New York Sirloin 8 Oz $70 ($20 each additional 2 Ounces)
Filet Mignon 6 Oz $60 ($20 each additional 2 Ounces)

True Japanese 100% Wagyu Beef from Kagoshima Prefecture, Kyushu, Japan
New York Sirloin $120 6 Oz ($40 Each Additional 2 Ounces)
Rib Eye Steak $160 8 Oz ($40 Each Additional 2 Ounces)
Filet Mignon $130 6 Oz ($40 Each Additional 2 Ounces)

All steaks grilled over hard wood and charcoal then finished under a 1200 Degree Broiler.

As you can see the 21 day aged domestic steaks run about $10 more on average than you average NY steakhouse and while I was tempted to order one to see how it would stack up I went instead for the Petite Nebraska NY Cut. I also ordered the 8oz Japanese Wagyu rib eye. Even at $160 it was a no brainer once I feasted my eyes upon this:

The bottom cuts are the Japanese rib eye on the left and the NY strip on the right, the top the American Wagyu fillet and strip. The marbling is so pronounced that I simply had to have it and it was a revelatory experience. The Nebraska strip was no slouch, it had a hearty beefy flavor, althoughgh it had a peppery au povre like seasoning which I would have preferred not be applied. Never the less there was still good evidence of the musky dry aged flavor I so value and the beef had a very delicate texture and plenty of juice. It was also cooked perfectly rare with a nice char on the outside. However it was not better than say the Peter Luger strip in terms of flavor, although it was slightly more tender, no doubt a result of extended aging. While the steak was excellent I would not choose it over any of the strips at the aforementioned steakhouses.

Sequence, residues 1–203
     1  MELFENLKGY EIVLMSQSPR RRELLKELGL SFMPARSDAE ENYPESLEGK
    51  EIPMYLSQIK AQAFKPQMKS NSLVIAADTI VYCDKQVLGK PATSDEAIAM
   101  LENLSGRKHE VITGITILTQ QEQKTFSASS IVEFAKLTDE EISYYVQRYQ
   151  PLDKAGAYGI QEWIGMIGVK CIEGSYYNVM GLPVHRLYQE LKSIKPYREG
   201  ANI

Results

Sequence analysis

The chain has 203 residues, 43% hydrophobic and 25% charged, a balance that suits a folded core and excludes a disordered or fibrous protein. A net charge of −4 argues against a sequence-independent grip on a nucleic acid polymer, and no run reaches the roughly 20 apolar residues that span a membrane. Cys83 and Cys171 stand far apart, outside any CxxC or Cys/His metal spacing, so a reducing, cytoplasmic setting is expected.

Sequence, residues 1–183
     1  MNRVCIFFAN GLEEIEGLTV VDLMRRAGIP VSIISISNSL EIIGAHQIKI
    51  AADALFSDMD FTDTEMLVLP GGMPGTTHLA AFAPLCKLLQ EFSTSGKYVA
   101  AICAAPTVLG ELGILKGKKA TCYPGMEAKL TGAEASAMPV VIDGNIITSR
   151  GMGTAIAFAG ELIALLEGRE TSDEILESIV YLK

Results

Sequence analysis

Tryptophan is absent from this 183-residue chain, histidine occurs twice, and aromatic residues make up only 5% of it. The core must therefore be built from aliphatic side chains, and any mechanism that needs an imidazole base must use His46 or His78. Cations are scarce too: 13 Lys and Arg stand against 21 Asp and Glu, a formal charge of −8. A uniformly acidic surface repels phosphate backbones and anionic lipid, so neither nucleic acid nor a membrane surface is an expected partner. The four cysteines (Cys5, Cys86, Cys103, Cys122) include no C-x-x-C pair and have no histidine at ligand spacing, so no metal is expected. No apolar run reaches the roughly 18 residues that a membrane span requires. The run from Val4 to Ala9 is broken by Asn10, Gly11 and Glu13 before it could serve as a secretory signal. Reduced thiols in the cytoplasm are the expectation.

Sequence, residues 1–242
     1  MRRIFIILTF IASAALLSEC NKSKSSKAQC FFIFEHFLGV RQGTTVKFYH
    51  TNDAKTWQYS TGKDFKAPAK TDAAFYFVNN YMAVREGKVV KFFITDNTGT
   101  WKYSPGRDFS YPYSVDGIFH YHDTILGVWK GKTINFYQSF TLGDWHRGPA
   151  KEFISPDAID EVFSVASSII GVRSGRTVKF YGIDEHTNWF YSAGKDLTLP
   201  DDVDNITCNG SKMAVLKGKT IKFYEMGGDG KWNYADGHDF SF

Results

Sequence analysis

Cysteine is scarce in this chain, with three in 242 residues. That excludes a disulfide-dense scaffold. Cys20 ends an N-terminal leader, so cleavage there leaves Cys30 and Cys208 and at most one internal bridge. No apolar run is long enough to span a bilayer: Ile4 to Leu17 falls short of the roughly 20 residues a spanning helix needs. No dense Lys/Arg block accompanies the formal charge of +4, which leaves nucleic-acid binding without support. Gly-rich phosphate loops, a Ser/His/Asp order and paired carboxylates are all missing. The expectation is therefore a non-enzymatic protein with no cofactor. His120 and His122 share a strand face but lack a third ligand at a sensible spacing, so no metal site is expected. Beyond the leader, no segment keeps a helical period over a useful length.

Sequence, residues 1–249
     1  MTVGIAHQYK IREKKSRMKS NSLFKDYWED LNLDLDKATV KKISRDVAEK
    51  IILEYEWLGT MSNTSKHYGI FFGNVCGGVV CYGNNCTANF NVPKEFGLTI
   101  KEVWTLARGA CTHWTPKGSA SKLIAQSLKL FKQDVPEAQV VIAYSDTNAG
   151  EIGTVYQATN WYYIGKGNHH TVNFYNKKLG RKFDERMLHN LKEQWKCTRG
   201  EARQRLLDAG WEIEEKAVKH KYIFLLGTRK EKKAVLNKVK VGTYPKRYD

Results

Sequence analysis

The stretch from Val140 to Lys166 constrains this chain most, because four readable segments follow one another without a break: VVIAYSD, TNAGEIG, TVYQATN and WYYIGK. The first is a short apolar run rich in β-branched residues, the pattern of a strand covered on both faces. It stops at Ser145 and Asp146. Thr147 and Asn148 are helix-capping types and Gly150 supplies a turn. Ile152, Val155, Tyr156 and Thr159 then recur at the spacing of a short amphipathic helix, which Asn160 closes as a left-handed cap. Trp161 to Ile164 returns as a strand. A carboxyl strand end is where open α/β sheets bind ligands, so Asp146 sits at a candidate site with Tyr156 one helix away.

But the Wagyu rib eye was so intense, so rich and buttery, so intoxicatingly flavorful that that it was hard not to order another one. Cooked medium rare to effectively emulsify all the internal fat it was so tender that it does not melt in your mouth, it melts your mouth. This is utterly exquisite, decadent food and an example of the what is possible given virtually unlimited funds. Quite honestly despite the modest size of the portion the beef is so rich and fatty that I doubt I could eat much more than what was served. As a comparison here is a shot of the rib eye on the left and the strip on the right:

The strip has nice marbling but just look at that complex cob web like structure of the Kobe, truly amazing stuff. As for the side items I largely ignored them, I ordered peas and onion rings that were both delicious but the steak was so outstanding that I barely touched them. So in the final analysis I am definitely addicted to Wagyu beef and while I would not give up my regular haunts for satisfying my dry aged grain fed steer graving I will approach the chef driven steakhouse with an open mind and wallet.

Cut By Wolfgang Puck
9500 Wilshire Blvd
Beverly Hills, CA
Phone: (310) 275-5200

1 comment:

Jimu said...

Thanks for the insightful review. I'm going there tonight and was wondering how it would stack up to Peter Lugers. I suppose I can order the Nebraska without the sauce.